Ukraine’s security service: 60 people taken hostage in eastern city of Luhansk

Ukraine’s government struggled to stay in control of the country’s eastern regions as tensions flared Tuesday in three cities. While the government managed to recapture its regional headquarters and detain dozens of pro-Russian protesters in one city, it said “radicals” were keeping 60 people hostage and threatening them in another city.

DONETSK, Ukraine — Ukraine’s government struggled to stay in control of the country’s eastern regions as tensions flared Tuesday in three cities. While the government managed to recapture its regional headquarters and detain dozens of pro-Russian protesters in one city, it said “radicals” were keeping 60 people hostage and threatening them in another city.

Unknown “separatists” with weapons and explosives were threatening the hostages inside a security service branch in the city of Luhansk, the Ukrainian Security Service said in a statement Tuesday.

It was not clear who the hostages were or if they were security service employees. The building was seized Sunday by armed pro-Russian protesters.

Earlier Tuesday, Ukrainian authorities battled with pro-Russian protesters but regained control over a government building in Kharkiv, the country’s second-largest city, evicting the protesters and detaining dozens.

In Donetsk, a city 250 kilometres (155 miles) further south, protesters dug in for their third day at the 11-story regional administration headquarters they captured on Sunday and began to declare their own parallel government.

Serhiy Taruta, the governor of Donetsk, scoffed at the shifting events in his city.

“I call this a theatre of the absurd,” he said. “It is just artists performing, but the main thing is that there is an ever-dwindling audience.”

All three cities are in Ukraine’s east, where hostility is strong toward the government that took power in February after the ouster of Kremlin-friendly President Viktor Yanukovych. Even though Ukraine’s interim authorities have achieved some success in quelling unrest that swept across eastern provinces Sunday, festering discontent threatens to undermine plans to hold a presidential election on May 25.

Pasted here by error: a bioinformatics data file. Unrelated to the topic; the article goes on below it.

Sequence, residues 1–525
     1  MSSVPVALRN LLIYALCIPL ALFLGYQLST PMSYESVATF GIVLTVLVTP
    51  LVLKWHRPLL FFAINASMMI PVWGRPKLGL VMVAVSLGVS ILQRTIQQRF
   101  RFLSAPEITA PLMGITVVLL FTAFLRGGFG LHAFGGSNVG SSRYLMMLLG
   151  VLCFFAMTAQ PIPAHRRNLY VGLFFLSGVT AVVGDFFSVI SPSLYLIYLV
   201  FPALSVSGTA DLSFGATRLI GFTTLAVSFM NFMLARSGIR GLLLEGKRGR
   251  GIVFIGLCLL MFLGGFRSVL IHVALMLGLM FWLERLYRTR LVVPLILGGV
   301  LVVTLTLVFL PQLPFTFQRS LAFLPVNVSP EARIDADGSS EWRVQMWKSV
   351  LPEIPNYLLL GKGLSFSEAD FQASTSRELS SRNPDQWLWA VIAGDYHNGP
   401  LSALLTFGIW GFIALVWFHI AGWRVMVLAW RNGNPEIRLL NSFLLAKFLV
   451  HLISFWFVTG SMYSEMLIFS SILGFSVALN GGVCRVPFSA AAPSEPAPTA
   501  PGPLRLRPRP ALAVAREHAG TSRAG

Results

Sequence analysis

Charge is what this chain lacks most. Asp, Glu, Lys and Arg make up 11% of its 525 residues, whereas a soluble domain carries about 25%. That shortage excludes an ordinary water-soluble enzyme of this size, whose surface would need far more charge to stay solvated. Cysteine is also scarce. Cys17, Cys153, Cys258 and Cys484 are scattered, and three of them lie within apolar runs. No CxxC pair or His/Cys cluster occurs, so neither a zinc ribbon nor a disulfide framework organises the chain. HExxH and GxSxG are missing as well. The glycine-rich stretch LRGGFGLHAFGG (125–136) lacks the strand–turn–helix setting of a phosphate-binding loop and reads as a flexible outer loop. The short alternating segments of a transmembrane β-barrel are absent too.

In Washington, Secretary of State John Kerry on Tuesday threatened Russia with tougher economic sanctions if it fails to back down from its involvement in Ukraine.

“What we see from Russia is an illegal and illegitimate effort to destabilize a sovereign state and create a contrived crisis with paid operatives across an international boundary,” Kerry told the Senate Foreign Relations Committee .

Kerry called the demonstrations in eastern Ukraine as a “contrived pretext for military intervention just as we saw in Crimea.”

Addressing parliament in Kyiv, acting President Oleksandr Turchynov said security forces retook control of the Kharkiv administration building early Tuesday but several police were injured in the clashes with separatists.

Interior Minister Arsen Avakov described the measure on his Facebook page as an “anti-terrorist operation.”

In a session briefly interrupted by a brawl, parliament also voted to toughen the punishment for undermining Ukraine’s national security, imposing jail terms of up to 5 years for separatism.

In Donetsk, there was little sign Tuesday evening that government forces had any immediate plan to retake the regional administration building. The city has seen weekly rallies marching on local government offices, but on Sunday groups of masked men carrying batons burst through police lines to take over the building.

By Tuesday, lines of car tires wrapped in razor wire had been erected to deter any possible attempts by police to storm the premises. The tactic appears to have been copied from the anti-government protests in the capital, Kyiv, which led to Yanukovych’s overthrow. Just like in Kyiv, food stations have been created inside the Donetsk building, supplied by volunteers and residents.